Posted on May 28, 2008 READ MORE


Kovic protest
AP Photo/Reed Saxon

Stopping the War Machine: Military Recruiters Must Be Confronted

As a former United States Marine Corps sergeant who was shot and paralyzed from my mid-chest down during my second tour of duty in Vietnam on Jan. 20, 1968, I am sending my complete support and admiration to all those now involved in the courageous struggle to stop military recruitment in Berkeley and across the country.

Posted on May 28, 2008 READ MORE


Clintons on Memorial Day
AP photo / Brennan Linsley

Memorial Day: Campaign Trail Edition

Democratic candidates Hillary Clinton and Barack Obama observed Memorial Day in Puerto Rico and New Mexico, respectively, paying tribute to U.S. military men and women from the past and the present and making their cases for becoming commander in chief.

Posted on May 26, 2008 READ MORE


Marulanda
AP photo

Colombian Army Reports FARC Leader Dead

The demise of Manuel “Sureshot” Marulanda has been rumored many times before, but this time the Colombian army has announced that the long-time leader of the rebel group FARC is dead and has challenged FARC to disprove the report. Sources close to Marulanda have yet to confirm the news.

Posted on May 24, 2008 READ MORE


Iron Man still
gizmodo.com

Torturing Iron Man

Those who haven’t seen this summer’s biggest blockbuster (so far, at least—this weekend’s “Indiana Jones” sequel may well change that) “Iron Man” and are planning to hit the multiplex might want to take a gander at this review. The article points out how “Iron Man” is the latest in a string of “pro-military” movies served up for youngsters’ consumption—even as two disastrous wars rage on overseas.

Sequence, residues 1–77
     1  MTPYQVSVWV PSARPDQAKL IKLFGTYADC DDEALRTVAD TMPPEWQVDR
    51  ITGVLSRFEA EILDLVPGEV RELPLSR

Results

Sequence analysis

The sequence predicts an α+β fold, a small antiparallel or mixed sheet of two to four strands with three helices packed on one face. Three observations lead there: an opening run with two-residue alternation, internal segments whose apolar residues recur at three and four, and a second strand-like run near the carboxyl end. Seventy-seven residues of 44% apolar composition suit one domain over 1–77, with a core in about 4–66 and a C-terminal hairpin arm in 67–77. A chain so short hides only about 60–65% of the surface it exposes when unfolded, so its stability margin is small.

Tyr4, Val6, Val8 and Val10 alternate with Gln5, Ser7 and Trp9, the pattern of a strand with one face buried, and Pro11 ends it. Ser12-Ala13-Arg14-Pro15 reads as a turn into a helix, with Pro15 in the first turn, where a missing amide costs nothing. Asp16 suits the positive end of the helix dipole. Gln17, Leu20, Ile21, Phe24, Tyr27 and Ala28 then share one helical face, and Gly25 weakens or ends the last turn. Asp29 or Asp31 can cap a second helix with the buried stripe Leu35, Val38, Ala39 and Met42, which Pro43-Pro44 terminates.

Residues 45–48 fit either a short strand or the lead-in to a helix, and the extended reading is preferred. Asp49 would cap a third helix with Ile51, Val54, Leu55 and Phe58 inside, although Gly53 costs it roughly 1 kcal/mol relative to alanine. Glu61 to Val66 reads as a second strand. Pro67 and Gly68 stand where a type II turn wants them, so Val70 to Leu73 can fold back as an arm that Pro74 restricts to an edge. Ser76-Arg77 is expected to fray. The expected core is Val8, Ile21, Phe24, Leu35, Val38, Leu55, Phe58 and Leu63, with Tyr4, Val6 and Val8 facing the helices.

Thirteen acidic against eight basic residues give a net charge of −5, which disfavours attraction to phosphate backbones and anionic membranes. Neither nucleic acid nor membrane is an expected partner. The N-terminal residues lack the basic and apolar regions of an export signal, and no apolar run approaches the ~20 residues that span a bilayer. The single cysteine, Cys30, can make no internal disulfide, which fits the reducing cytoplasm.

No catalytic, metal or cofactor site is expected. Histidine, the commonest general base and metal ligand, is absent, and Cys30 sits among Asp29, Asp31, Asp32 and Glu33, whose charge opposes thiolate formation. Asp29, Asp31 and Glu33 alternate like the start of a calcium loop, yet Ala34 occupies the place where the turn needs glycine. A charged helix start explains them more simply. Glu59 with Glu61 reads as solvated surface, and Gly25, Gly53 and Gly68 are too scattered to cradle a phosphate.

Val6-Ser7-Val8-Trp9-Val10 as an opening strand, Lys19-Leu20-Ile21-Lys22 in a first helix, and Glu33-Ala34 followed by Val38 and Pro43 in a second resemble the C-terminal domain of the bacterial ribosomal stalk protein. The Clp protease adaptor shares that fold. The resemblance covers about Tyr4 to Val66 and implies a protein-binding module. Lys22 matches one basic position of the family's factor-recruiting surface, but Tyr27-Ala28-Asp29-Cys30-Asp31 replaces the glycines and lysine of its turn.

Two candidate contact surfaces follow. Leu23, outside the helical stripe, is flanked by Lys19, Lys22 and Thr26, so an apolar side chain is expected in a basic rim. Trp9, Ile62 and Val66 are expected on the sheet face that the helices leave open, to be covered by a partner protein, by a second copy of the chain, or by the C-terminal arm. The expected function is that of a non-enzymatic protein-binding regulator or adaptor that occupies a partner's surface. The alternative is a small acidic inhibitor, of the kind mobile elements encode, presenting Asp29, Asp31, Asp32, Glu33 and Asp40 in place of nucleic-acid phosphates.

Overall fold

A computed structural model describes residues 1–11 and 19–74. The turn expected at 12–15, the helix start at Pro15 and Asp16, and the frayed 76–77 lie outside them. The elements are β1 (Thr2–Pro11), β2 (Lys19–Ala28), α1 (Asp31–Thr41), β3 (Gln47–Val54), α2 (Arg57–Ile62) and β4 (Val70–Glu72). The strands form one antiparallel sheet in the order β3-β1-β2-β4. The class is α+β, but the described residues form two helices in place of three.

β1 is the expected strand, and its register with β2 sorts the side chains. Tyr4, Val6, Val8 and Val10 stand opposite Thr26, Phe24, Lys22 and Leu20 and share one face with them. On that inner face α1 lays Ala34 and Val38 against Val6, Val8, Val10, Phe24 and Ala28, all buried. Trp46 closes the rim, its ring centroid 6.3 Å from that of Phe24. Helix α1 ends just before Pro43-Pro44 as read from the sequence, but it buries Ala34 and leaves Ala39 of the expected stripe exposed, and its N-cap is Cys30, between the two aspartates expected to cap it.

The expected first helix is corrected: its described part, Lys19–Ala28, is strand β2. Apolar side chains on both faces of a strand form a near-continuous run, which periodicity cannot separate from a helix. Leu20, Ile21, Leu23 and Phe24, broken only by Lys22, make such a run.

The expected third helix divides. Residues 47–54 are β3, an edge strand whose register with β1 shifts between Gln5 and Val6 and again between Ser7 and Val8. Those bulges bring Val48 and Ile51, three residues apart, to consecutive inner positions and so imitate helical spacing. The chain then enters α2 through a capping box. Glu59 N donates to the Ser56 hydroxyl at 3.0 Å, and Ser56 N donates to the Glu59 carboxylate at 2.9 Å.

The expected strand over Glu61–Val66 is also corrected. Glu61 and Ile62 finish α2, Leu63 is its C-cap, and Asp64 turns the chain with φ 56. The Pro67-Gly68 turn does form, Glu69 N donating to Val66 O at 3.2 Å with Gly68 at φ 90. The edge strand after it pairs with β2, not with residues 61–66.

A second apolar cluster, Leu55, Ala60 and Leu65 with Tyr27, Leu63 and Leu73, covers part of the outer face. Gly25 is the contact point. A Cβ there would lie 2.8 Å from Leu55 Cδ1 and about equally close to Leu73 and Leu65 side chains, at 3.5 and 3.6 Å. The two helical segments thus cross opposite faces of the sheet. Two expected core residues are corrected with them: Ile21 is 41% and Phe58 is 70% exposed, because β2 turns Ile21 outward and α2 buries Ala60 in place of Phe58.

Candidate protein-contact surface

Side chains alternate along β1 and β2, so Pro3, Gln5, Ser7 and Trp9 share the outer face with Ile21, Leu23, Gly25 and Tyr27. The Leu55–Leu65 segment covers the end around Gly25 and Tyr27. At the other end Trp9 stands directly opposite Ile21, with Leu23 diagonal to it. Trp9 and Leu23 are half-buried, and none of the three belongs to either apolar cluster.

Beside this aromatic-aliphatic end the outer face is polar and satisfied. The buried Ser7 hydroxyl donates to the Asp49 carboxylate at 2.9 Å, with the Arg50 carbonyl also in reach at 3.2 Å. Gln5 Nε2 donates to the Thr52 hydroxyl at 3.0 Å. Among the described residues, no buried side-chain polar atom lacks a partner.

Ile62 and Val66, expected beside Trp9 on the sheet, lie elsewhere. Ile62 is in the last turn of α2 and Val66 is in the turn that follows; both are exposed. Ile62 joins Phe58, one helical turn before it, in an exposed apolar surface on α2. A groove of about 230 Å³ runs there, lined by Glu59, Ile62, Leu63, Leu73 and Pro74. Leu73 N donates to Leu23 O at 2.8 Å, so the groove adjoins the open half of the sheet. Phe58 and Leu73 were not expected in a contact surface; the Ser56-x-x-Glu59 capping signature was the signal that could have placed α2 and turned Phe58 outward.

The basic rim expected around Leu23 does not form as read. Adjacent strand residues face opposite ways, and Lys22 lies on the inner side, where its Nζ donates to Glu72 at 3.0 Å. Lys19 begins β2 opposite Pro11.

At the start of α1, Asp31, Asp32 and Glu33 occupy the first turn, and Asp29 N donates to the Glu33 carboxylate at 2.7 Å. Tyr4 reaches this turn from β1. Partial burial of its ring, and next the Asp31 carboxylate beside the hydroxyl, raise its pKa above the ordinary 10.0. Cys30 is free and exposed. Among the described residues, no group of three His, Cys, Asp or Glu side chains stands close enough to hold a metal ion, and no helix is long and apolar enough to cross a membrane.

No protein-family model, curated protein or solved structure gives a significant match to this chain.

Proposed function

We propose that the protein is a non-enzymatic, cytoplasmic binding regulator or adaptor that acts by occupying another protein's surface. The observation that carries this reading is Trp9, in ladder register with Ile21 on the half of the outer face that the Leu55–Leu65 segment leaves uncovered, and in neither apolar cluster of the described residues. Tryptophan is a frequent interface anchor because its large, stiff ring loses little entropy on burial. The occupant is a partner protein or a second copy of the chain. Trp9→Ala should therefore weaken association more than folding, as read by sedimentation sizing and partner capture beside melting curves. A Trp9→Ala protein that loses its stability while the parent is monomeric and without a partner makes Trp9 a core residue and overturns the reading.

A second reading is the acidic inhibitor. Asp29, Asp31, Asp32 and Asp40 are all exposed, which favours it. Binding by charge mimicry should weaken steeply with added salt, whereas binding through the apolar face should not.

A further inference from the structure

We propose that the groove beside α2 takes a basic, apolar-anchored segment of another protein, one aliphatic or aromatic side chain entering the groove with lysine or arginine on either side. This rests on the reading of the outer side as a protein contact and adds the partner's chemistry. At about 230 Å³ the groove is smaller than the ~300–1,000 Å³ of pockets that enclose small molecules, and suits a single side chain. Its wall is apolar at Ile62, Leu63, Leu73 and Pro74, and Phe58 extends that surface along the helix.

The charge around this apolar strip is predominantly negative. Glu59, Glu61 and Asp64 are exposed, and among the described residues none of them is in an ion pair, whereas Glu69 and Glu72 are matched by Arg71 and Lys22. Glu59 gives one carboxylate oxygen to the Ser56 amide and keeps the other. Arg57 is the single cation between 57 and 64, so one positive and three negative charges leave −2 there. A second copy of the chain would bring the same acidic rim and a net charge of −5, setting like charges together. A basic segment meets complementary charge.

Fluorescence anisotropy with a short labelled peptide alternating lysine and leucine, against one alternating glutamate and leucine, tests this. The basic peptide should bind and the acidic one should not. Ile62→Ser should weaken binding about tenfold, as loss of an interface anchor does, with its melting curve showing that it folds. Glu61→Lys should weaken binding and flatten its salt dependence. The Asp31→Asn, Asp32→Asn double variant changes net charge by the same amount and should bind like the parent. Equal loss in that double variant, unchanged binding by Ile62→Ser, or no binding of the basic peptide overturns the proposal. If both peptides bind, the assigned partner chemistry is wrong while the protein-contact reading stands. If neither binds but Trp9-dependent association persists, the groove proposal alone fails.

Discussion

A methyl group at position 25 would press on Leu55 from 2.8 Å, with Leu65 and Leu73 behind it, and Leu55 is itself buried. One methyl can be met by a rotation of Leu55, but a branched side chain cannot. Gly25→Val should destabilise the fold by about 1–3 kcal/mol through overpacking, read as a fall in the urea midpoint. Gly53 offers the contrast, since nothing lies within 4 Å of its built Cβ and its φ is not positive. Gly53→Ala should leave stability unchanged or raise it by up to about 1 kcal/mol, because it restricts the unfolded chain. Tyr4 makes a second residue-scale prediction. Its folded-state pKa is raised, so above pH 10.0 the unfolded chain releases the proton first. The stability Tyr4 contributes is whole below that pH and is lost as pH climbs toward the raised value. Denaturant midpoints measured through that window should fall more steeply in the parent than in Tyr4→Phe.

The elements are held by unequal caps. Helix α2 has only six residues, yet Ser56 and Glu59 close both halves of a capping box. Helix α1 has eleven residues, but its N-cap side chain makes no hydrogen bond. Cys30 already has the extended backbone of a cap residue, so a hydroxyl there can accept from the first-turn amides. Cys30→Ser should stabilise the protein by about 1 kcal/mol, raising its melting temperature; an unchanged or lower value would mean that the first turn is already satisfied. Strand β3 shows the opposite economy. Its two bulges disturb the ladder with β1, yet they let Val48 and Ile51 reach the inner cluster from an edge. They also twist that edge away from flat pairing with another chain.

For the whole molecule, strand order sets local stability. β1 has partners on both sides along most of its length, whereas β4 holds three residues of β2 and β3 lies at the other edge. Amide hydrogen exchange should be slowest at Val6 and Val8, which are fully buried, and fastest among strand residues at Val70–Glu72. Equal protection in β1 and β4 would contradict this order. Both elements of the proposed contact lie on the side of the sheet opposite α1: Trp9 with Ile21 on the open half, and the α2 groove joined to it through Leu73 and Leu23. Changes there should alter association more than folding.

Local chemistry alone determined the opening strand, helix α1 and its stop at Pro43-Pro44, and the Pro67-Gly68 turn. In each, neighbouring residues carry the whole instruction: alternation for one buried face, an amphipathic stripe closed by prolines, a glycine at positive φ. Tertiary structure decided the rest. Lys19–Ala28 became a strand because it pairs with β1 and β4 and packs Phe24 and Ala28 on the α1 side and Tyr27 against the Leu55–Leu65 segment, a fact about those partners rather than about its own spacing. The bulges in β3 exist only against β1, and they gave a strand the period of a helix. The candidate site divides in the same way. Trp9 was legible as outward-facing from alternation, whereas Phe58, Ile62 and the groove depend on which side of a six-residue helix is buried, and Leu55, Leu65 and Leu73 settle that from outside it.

Posted on May 24, 2008 READ MORE


Presidential Race Ignores Arms Race

Obama’s stated willingness to unilaterally strike nuclear-armed U.S. ally Pakistan, Clinton’s promise to Iran to “totally obliterate” the nation of 70 million (should it attack Israel), and McCain’s hard-line position on Russia, including the deployment of a missile defense in Eastern Europe, all point to a reliance on military solutions.

Posted on May 21, 2008 READ MORE


Chiroux
breitbart.tv

U.S. Sergeant Refuses to Serve in ‘Illegal’ War

On Thursday, a group of U.S. soldiers spoke before members of Congress about the failings of the Iraq war and the immeasurable toll it has taken on Iraqis and American troops. Afterward, Sgt. Matthis Chiroux announced that he is refusing to serve in Iraq.

Posted on May 16, 2008 READ MORE


book cover
press.princeton.edu

Chalmers Johnson on Our ‘Managed Democracy’

Sheldon Wolin’s new book offers a controversial but ultimately convincing diagnosis of how America’s democracy has succumbed to an unacknowledged totalitarian temptation.

Posted on May 15, 2008 READ MORE


Toward a New Washington Consensus

What passes for smart economic policy is actually a set of right-wing globalization measures that destabilizes the world economy. For the sake of Americans and others, our politicians need to wise up.

Posted on May 15, 2008 READ MORE